Top 5 Differences Between Protestants and Catholics

At the request of my cousin, who is an Assembly of God minister, I wrote a synthesis (as best I could whip together in a few hours) of the top 5 differences between Protestants and Catholics.  It was hard to narrow the list down to 5, because of course I wanted to include every topic, all of the arguments, all of the ramifications.  But I did my best to keep it to a simple presentation of Catholic belief.

The five topics I chose are the papacy, the Eucharist, Mary, Purgatory, and Sacred Tradition.  Thanks to Catholic Answers, I had scriptural references and great explanations at my fingertips through and Pillar of Fire, Pillar of Truth, a handy little tract.  Thanks be to God, I just happened to have that little book with me, and it came in very handy.  A lot of the explanations below are only slightly modified from that book.  I'll make this a 5-part series for the next Saturdays!

All of Catholic teaching hinges on the doctrine of the Incarnation: that Christ is truly the Son of God, and therefore fully divine, Who came into the world and became man (took on human nature in everything but sin) for the purpose of dying to save us and reconcile us with the Father.  Understanding that fundamental fact, the divinity of Christ, is key to understanding Catholic doctrine.  The scriptural bases on which we rest our belief in the divinity of Christ are as follows: Isaiah 9:6, Matthew 16:16-17, John 1:1, John 8:58, John 10:30, Colossians 2:9, Hebrews 1:1-3, Hebrews 1:8,10.

3.      Purgatory

Catholics believe that everyone will, after death, end up in one of three places – heaven, if the person dies with a clean soul; hell, if the person dies after having committed a grave sin which has not yet been forgiven; or purgatory, if the person dies in a state of friendship with God but is still imperfect.  At the end of time, the souls in Purgatory will complete their purification and enter heaven.  Here’s a basic definition from the Catechism of the Catholic Church:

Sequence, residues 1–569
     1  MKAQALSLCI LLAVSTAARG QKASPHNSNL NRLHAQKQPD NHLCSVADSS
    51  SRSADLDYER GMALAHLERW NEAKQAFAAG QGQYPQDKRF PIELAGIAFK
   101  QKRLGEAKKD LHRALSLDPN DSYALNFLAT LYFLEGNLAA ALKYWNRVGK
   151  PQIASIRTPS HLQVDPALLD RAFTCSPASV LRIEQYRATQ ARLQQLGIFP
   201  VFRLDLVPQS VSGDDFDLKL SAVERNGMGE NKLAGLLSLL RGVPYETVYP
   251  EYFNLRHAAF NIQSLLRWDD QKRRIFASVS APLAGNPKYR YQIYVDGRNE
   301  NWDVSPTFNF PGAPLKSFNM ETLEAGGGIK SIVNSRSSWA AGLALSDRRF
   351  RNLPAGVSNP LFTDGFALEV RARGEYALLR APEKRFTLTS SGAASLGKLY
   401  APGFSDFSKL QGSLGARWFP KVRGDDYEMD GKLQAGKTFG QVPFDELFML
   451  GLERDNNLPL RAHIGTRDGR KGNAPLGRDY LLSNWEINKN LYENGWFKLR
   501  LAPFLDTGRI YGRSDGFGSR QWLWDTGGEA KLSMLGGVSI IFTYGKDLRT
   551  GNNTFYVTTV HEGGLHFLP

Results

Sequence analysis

“All who die in God’s grace and friendship, but still imperfectly purified, are indeed assured of their eternal salvation; but after death they undergo purification, so as to achieve the holiness necessary to enter the joy of heaven. . . . The Church gives the name Purgatory to this final purification of the elect, which is entirely different from the punishment of the damned” (CCC 1030 – 1031)

Here’s the basic logical argument for Purgatory:

Premise 1: There will be neither sin nor attachment to sin in heaven.

Premise 2: We (at least most of us) are still sinning and are attached to sin at the end of this life.

Conclusion: Therefore there must be a period between death and heavenly glory in which the saved are cleansed of sin and their attachment to sin.

Because this is a deductive argument, if one wants to dispute the conclusion, he must take issue with one of the premises, since the conclusion follows from them necessarily.  So which is it?

Is it not true that the saved in heaven are perfectly sanctified? (“[N]othing unclean shall enter [heaven].” — Rev 21:27).

Or is it not true that we are still sinning and attached to sin at the end of our earthly life? (“If we say we have no sin, we deceive ourselves, and the truth is not in us.” — 1 John 1:8).

Other Scriptural passages that support Purgatory are as follows:

"For if he were not expecting that those who had fallen would rise again, it would have been superfluous and foolish to pray for the dead. But if he was looking to the splendid reward that is laid up for those who fall asleep in godliness, it was a holy and pious thought. Therefore he made atonement for the dead, that they might be delivered from their sin" (2 Macc. 12:44-45). (N.B.  There are differences between the Catholic and Protestant Bibles, so you might not have this quote.)

"But nothing unclean shall enter it [heaven] . . ." (Rev. 21:27).

Matt. 5:25-26, 1 Cor. 3:13-15, 1 Peter 3:18-20